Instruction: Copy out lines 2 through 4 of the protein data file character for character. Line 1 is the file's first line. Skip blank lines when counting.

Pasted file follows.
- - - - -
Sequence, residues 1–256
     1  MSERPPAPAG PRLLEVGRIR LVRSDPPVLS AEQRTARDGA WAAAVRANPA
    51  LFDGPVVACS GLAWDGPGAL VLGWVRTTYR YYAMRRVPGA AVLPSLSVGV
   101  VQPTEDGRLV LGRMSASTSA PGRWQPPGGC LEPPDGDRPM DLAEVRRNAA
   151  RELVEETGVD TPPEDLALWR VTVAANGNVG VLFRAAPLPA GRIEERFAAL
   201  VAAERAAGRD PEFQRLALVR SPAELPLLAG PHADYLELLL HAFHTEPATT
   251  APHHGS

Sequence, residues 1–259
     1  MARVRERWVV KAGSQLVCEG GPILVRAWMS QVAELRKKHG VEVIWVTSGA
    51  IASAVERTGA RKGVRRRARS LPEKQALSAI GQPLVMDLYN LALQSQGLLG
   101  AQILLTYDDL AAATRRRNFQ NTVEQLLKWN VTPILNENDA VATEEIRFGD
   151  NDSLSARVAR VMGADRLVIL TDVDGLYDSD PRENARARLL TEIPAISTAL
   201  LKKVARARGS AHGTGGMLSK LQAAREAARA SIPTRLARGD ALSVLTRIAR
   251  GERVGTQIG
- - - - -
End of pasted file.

     1  MSERPPAPAG PRLLEVGRIR LVRSDPPVLS AEQRTARDGA WAAAVRANPA
    51  LFDGPVVACS GLAWDGPGAL VLGWVRTTYR YYAMRRVPGA AVLPSLSVGV
   101  VQPTEDGRLV LGRMSASTSA PGRWQPPGGC LEPPDGDRPM DLAEVRRNAA